Butterfly fragments in diaphyseal tibial fractures heal unpredictably: Should we be adopting other strategies for these high risk fractures?

Published:December 24, 2022DOI:



      The natural history of diaphyseal tibial butterfly fragments is poorly documented. Numerous studies have analyzed risk factors for nonunions in the tibial shaft with known factors including Gustilo classification, ASA class, and cortical contact. However, the healing potential and ideal management of nonsegmental butterfly fragments in this setting remains unknown. The aim of this study was to determine the nonunion rate of diaphyseal tibial fractures with a butterfly fragment.


      A performed a retrospective review of patients at a single academic Level 1 Trauma Center from 2000-2020 who underwent intramedullary nailing of tibial shaft fractures. Those with non-segmental butterfly fragments (OTA/AO: 42-B) and minimum 12 month follow up were included. Morphologic measurements of butterfly fragments were performed to measure location, size, and displacement, and mRust scores at final follow up were calculated. Outcome measures were surgery to promote union, and mRust scores.


      A total of 99 patients were included with 21 patients requiring revision surgery to promote union. Thirty six patients had open fractures and 77% of patients were male with a mean age of 34 (range: 12-80). Average follow up was 19 months (3 months – 12 years). The most common location of the butterfly fragment was the anterior cortex (42%), with a mean length of 7.8cm (SD: 3.3) and width of 1.8cm (SD: 0.5cm). At final follow-up 37% of fractures had persistent lucency without callus at the site of the butterfly while only 31% of fractures had remodeled cortex. Average time to complete healing was 13.3 months. Open fractures with butterfly fragments were more likely to go on to nonunion than closed (44% vs 9.2%, p=<0.001). The length of the butterfly fragment was not different between the union and nonunion groups (7.7 vs 7.5, P=0.42).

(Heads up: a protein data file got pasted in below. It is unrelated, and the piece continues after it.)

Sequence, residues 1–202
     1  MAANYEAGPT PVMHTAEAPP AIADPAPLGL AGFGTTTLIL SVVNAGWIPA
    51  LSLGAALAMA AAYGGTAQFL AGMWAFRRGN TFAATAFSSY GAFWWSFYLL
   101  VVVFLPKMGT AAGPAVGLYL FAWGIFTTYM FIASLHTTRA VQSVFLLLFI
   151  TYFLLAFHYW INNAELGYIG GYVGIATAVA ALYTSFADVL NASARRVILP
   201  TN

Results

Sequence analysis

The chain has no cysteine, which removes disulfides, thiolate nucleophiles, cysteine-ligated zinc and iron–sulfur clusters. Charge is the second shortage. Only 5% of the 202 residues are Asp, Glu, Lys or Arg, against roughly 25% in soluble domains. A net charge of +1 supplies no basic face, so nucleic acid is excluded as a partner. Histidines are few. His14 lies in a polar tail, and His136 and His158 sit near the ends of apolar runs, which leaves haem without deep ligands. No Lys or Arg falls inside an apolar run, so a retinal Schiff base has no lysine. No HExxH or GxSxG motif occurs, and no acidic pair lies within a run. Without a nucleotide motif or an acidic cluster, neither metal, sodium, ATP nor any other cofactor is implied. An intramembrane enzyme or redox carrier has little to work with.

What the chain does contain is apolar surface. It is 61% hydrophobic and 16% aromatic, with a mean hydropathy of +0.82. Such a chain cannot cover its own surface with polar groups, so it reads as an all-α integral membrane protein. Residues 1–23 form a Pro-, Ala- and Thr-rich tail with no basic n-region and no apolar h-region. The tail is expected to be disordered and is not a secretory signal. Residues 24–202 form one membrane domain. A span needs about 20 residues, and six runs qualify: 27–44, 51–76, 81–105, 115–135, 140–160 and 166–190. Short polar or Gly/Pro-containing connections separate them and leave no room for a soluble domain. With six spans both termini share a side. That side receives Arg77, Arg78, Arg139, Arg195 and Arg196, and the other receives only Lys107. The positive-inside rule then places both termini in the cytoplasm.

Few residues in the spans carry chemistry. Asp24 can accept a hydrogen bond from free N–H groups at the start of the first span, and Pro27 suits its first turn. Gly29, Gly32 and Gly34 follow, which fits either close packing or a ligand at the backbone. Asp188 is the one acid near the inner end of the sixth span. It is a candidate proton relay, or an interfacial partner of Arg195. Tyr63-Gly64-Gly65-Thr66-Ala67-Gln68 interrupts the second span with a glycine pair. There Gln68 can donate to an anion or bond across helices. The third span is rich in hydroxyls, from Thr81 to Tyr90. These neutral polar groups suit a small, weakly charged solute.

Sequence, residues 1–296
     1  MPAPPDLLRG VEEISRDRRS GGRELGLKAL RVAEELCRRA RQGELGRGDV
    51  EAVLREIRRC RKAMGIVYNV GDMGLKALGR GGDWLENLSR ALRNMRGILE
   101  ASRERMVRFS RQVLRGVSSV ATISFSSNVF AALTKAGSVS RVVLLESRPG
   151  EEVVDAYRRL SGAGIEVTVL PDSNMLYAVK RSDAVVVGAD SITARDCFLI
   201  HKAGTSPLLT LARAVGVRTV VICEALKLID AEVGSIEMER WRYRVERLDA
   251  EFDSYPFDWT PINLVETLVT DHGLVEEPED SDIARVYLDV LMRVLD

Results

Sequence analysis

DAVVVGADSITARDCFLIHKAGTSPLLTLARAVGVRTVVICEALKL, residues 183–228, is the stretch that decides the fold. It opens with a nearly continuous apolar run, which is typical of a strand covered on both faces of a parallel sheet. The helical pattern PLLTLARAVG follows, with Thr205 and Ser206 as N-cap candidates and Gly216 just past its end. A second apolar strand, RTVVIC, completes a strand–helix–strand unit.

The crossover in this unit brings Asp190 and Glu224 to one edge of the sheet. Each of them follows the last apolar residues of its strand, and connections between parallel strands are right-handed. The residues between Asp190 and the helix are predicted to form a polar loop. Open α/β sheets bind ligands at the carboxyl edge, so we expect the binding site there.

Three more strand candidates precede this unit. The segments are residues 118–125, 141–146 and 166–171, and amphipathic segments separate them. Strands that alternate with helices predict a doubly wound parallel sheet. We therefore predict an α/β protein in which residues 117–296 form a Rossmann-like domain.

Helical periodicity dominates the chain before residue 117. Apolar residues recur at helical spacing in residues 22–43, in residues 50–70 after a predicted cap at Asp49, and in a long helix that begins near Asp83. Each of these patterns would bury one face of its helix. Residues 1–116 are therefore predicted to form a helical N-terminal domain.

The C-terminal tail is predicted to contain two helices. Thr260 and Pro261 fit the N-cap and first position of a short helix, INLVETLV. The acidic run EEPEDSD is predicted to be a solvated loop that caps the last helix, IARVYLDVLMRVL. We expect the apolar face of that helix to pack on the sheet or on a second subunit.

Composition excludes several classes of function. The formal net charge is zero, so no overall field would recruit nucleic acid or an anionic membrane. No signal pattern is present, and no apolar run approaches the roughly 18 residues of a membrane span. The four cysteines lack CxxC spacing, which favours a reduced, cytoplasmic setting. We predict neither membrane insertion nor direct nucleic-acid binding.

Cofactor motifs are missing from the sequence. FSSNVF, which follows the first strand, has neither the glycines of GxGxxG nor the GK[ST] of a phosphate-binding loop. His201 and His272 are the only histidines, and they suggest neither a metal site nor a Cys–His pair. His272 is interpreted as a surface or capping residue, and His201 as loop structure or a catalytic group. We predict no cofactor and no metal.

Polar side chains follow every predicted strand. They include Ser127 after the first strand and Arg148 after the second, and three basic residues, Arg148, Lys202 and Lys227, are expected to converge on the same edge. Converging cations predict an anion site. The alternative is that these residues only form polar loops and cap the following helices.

Open tibial shaft fractures with a butterfly fragment have a high risk of nonunion. Further research may seek to determine if adjunct treatment of butterfly fragments (ie inter-fragmentary compression) in the acute setting could improve healing rates.

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